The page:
The Obesity Epidemic Problem Solving Seminar: What We Can Learn From Native American Communities
- 1st term
- International Health
- 3 credits
- Academic Year:
- 2022 - 2023
- Instruction Method:
- Asynchronous Online
- Auditors Allowed:
- Yes, with instructor consent
- Undergrads Allowed:
- Grading Restriction:
- Letter Grade or Pass/Fail
- Course Instructors:
- Summer Rosenstock
- Kevalin M W Aulandez
- Summer Rosenstock
Introduction to Online Learning is required prior to participating in any of the School's Internet-based courses.
Nearly 40% of adults were classified as obese in 2015-2016, and it is projected that 59% of today’s children will be obese by the time they are 35 years old.
Minority and low-income populations have disproportionately high obesity rates. Learn from case studies addressing obesity in Native American communities that are applicable/relevant to other similarly affected populations.
Explore the multifaceted set of factors (biological, behavioral, policy, environmental and systems-level factors) that impact the obesity epidemic in the US.
Choose a community and work through a series of assignments, that build upon each other, to engage you in problem solving to address obesity.
Provides an overview of trends in obesity in the US, examines use/limitations of data from national surveys and describes how the epidemic varies geographically, by race/ethnicity and socio-economic status. Lectures and activities survey the complex, multi-faceted set of factors that contribute to the obesity epidemic and propagate disparities. Case studies in Native American communities, where some of the highest obesity rates exist, illustrate the importance of community collaboration and inclusion of culture in developing public health programs and policies. This class analyzes how the integration of knowledge, cultural norms and values, and engagement of multiple stakeholders is critical to shaping effective programs and policies. Course prepares students to identify and assess communities with obesity risk factors and propose culturally sensitive strategies to decrease obesity and eliminate underlying health disparities.
- Learning Objectives:
Upon successfully completing this course, students will be able to:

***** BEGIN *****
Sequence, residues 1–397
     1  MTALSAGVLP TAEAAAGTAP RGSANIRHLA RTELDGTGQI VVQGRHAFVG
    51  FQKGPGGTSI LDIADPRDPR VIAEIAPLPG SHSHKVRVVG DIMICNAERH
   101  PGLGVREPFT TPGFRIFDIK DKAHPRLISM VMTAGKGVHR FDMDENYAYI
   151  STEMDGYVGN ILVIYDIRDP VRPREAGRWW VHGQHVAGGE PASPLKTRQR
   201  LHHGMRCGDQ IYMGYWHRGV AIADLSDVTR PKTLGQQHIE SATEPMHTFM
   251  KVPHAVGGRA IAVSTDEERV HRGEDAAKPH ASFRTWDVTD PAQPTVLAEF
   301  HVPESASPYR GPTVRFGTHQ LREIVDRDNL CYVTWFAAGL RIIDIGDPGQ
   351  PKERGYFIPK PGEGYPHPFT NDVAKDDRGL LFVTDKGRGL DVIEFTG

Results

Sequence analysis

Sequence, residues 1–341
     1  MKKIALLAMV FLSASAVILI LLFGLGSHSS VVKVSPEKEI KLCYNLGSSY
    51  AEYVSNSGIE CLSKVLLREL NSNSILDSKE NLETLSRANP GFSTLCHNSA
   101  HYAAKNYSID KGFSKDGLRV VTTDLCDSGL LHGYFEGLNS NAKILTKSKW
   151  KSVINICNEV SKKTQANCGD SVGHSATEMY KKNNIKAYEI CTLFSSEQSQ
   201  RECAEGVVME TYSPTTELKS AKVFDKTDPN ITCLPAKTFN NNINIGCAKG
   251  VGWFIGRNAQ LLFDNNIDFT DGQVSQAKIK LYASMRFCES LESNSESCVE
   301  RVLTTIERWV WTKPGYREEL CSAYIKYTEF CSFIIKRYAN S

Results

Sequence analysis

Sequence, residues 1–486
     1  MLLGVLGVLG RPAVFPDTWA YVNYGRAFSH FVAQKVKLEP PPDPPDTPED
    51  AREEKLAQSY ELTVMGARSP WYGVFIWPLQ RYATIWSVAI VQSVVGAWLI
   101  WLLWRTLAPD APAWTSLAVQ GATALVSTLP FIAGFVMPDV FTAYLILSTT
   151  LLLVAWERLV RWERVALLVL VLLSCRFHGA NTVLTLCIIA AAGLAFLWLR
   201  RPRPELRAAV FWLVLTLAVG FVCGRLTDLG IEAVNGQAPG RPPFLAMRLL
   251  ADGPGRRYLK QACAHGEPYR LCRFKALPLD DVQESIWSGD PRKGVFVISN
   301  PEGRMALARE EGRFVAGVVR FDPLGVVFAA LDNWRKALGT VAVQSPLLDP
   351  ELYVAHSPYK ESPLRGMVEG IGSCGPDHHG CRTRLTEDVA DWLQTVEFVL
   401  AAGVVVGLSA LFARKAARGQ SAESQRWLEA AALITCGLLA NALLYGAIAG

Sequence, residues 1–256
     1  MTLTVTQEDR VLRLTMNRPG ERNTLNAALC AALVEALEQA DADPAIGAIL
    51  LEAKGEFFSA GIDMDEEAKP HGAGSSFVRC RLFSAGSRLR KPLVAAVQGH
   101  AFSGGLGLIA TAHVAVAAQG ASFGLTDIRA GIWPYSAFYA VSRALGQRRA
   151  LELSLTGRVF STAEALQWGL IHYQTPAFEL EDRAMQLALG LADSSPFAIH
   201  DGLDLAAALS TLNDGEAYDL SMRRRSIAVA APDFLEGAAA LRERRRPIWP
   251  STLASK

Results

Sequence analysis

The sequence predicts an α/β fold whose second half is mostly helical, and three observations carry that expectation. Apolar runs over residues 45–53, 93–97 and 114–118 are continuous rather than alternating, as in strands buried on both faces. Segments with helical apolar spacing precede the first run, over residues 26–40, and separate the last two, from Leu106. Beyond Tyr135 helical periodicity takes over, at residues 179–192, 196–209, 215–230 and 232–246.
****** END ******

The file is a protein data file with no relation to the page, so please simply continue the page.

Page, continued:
- Explain how the obesity epidemic varies geographically, across race/ethnicity and socio-economic status, and explore why these disparities exist—with case examples from Native American communities
- Explain the critical importance of data in identifying opportunities for intervention as well as the limitations of surveillance systems and national surveys in developing, monitoring and evaluating policies and programs addressing obesity in the US
- Analyze the complex and multi-faceted set of factors that impact the obesity epidemic, including social determinants and biological, behavioral, policy, environmental and systems-level factors
- Identify populations most affected by obesity and community stakeholders key to improving obesity
- Integrate knowledge of cultural norms and values, community concerns and evidence-based practice while developing recommendations to shape policies and programs
- Integrate knowledge, approaches, methods, and values from multiple professions and systems to address the obesity crisis
- Propose strategies to decrease obesity and eliminate underlying health disparities that organize diverse stakeholders, including researchers, practitioners, community leaders and other partners
- Propose strategies to cultivate new resources and revenue streams to address the obesity crisis in a given community
- Methods of Assessment:
This course is evaluated as follows:
- 5% Discussion Board
- 5% LiveTalks
- 5% Peer-feedback
- 55% Assignments
- 30% Group Presentation
- Enrollment Restriction:
DrPH student or Bloomberg fellows in the MPH program
- Instructor Consent:
Consent required for some students
- Consent Note:
urse is designed for the DrPH cohort to meet specific DrPH requirements. Those who are not DrPH students must obtain instructor consent to register.
- For consent, contact: